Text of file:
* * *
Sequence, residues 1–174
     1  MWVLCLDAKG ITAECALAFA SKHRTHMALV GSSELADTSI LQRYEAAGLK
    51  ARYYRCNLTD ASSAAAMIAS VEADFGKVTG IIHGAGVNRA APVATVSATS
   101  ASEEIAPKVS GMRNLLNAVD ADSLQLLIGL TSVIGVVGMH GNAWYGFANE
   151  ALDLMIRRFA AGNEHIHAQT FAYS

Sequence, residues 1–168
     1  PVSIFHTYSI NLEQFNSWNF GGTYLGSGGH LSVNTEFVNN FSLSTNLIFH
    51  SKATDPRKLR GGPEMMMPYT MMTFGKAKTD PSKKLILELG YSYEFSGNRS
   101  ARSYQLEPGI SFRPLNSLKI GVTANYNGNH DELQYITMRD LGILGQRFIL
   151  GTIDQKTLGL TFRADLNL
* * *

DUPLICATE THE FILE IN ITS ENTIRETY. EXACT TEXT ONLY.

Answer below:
Sequence, residues 1–174
     1  MWVLCLDAKG ITAECALAFA SKHRTHMALV GSSELADTSI LQRYEAAGLK
    51  ARYYRCNLTD ASSAAAMIAS VEADFGKVTG IIHGAGVNRA APVATVSATS
   101  ASEEIAPKVS GMRNLLNAVD ADSLQLLIGL TSVIGVVGMH GNAWYGFANE
   151  ALDLMIRRFA AGNEHIHAQT FAYS

Sequence, residues 1–168
     1  PVSIFHTYSI NLEQFNSWNF GGTYLGSGGH LSVNTEFVNN FSLSTNLIFH
    51  SKATDPRKLR GGPEMMMPYT MMTFGKAKTD PSKKLILELG YSYEFSGNRS
   101  ARSYQLEPGI SFRPLNSLKI GVTANYNGNH DELQYITMRD LGILGQRFIL
   151  GTIDQKTLGL TFRADLNL